MASS THIS SUNDAY (November 24, 2019)

Last Sunday after Pentecost

12:00 noon, Holy Ghost Church, Knoxville

St. Edmund Campion Missal & Hymnal page numbers:

Sprinkling Rite:   Asperges me  (567)

Order of Mass:  Missalette or Campion Missal (569)

Proper Prayers and Readings  (410) – online here, leaflet here

Ordinary:  Kyrie, Gloria, Credo III, Sanctus, Agnus Dei  Mass XI Orbis Factor (740)

Preface of the Holy Trinity (Missalettes; Campion 598, Angelus 875, Baronius 884)
Anthem to the Virgin Mary:  Salve Regina – from Trinity Sunday until Advent

     (online here, Campion Missal 961, Angelus Missal 116, Baronius Missal 121)


8 am, St. Mary Church, Athens

2 pm, St. Mary Church, Johnson City

5 pm, Basilica of Sts. Peter & Paul, Chattanooga    


MASS NEXT SUNDAY (December 1, 2019)
1st Sunday of Advent

12 noon, Holy Ghost Church, Knoxville

8 am, St. Mary Church, Athens

2 pm, St. Mary Church, Johnson City




In preparation for this Sunday’s Mass, compare the translations below with those in your own personal hand missal (e.g., Angelus 814, Baronius 866, Campion 410).



Excita, quǽsumus, Dómine, tuórum fidélium voluntátes: ut, divíni óperis fructum propénsius exsequéntes; pietátis tuæ remédia maióra percípiant.

Stir up, we beseech thee, O Lord, the wills of thy faithful : that, more earnestly seeking the fruit of divine grace, they may the more abundantly receive the healing gifts of thy mercy.



Propítius esto, Dómine, supplicatiónibus nostris: et, pópuli tui oblatiónibus precibúsque suscéptis, ómnium nostrum ad te corda convérte; ut, a terrenis cupiditátibus liberáti, ad cœléstia desidéria transeámus.

Be favourable, O Lord, to our supplications, and receiving the prayers and offerings of thy people, turn all our hearts to thee : that, being freed from earthly lusts, we may go forward to desires of heaven.



Concéde nobis, quǽsumus, Dómine: ut per hæc sacraménta quæ súmpsimus, quidquid in nostra mente vitiósum est, ipsorum medicatiónis dono curétur.

Grant, we beseech thee, O Lord, that whatever is diseased in our mind may be cured by the healing operation of the sacrament we have received.




and THE FOUR LAST THINGS – Death, Judgement, Heaven, Hell

The extraordinary-form missal's temporal cycle ends with this last Sunday after Pentecost, and with it our annual liturgical journey through the spiritual history of the world which begins anew each year with the First Sunday of Advent.


Michelangelo’s The Last Judgement (altar wall of the Sistine Chapel)


For this reason, the prayers and readings of today’s Mass turn our attention to the four last things—death, judgement, heaven, hell—and especially to the second coming and final judgment, when Christ will return with power and majesty to judge the living and the dead.


This Sunday's Gospel (Matthew 24:15-35) is one of the most powerful and memorable readings of the whole Church year at Mass in the extraordinary form:


When you see the abomination of desolation, which was spoken of by Daniel the prophet, standing in the holy place . . . . For false christs and false prophets will arise, and will show great signs and wonders, so as to lead astray, if possible, even the elect. . . . .  But immediately after the tribulation of those days, the sun will be darkened, and the moon will not give her light, and the stars will fall from heaven, and the powers of heaven will be shaken. And then will appear the sign of the Son of Man in heaven . . . . and they will see the Son of Man coming upon the clouds of heaven with great power and majesty. . . . .”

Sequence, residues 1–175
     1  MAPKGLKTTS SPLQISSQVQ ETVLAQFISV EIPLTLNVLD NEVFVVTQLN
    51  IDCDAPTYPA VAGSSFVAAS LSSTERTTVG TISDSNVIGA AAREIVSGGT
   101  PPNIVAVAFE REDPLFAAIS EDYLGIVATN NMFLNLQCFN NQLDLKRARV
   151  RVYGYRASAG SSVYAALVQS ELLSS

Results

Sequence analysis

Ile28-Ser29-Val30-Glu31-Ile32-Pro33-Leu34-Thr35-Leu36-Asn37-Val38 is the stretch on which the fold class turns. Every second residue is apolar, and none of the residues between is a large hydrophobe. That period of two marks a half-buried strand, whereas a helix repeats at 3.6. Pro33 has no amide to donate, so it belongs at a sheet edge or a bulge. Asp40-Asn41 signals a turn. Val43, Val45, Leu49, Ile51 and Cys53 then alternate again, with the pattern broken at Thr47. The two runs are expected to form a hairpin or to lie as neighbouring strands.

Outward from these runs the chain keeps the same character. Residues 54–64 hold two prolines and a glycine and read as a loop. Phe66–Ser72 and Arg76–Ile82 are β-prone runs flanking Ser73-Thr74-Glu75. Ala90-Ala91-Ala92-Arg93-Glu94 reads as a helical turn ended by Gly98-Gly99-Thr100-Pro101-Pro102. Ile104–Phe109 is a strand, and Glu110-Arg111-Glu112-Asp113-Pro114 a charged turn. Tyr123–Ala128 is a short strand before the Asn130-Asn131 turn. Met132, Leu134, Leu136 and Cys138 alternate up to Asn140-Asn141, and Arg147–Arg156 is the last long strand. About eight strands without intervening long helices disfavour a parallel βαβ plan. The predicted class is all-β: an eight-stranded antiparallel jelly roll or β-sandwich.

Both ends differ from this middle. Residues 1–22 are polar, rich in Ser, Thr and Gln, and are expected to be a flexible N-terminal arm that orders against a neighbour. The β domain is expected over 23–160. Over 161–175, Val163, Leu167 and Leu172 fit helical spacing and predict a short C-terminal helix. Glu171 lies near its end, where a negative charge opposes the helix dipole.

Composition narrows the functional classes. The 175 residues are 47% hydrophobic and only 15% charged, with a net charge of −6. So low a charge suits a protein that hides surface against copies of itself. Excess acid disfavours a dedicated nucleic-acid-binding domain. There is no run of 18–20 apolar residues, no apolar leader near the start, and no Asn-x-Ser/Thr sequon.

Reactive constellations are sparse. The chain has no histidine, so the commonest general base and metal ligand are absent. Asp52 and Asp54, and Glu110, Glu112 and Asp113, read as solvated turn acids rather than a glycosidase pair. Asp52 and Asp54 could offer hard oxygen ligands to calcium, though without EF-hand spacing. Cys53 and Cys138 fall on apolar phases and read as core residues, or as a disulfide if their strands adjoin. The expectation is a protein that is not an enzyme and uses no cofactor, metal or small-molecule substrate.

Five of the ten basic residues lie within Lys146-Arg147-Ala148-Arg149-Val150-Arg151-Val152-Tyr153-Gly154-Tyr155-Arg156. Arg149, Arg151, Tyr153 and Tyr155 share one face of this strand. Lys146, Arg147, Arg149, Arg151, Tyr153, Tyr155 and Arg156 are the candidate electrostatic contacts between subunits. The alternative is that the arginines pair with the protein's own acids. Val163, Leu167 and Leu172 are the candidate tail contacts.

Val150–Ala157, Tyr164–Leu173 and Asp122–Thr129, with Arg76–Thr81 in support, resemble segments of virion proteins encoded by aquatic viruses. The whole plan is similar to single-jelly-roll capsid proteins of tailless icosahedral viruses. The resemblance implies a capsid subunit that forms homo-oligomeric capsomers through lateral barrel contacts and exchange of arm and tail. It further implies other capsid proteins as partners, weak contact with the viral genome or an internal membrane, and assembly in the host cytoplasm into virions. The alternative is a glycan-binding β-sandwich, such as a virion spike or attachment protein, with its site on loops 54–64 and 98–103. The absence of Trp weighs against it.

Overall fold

This apocalyptic reading was heard annually in the usus antiquior for well over a thousand years. But it—along with numerous other “hard” or “judgmental” scriptural readings—was deleted from the newer ordinary form lectionary. Therefore it has not been heard at Mass in the typical parish during the past half-century. Click here for a discussion of the elimination of the Antichrist from the Novus Ordo lectionary.


The Antichrist, the abomination of desolation, standing in the holy place



In a traditional Matins reading for this last Sunday of the liturgical year, St. Basil warns of the final judgement that awaits each of us:


When the inclination to sin comes upon you, I wish you would think of this dread and awful tribunal of Christ, where He will sit and judge on His throne on high. There every creature will appear, and stand trembling in His presence, and there shall we be led, one by one, to give an account of the actions of our life. And immediately afterwards those who in life have wrought much evil will be surrounded by fearful and hideous angels, who will throw them headlong into a bottomless pit where in impenetrable darkness burns a fire which gives no light;


Think of that bottomless pit, the impenetrable darkness, the lightless fire, burning, but not glowing, the poisonous mass of worms, preying upon the flesh, ever feeding, and never filled, causing by their gnawing unbearable agony lastly, the greatest punishment of all, shame and confusion forever. Have a dread of these things, and pierced by this dread, use it as a bridle to help keep your soul from being drawn away by concupiscence into sin.


Image result for gate of hell

The gate to Hell in Dante’s Inferno

“Abandon all hope, ye who enter here.”


Commentary on the Last Sunday after Pentecost

The 6-page propers leaflet (here) for this Mass includes almost two pages of patristic commentary on the liturgy for this last Sunday of the Church year—the second coming of Christ preceded by the appearance of the Antichrist and the end of time. Feel free to take a copy with you to contemplate during the week in preparation for the First Sunday of Advent.


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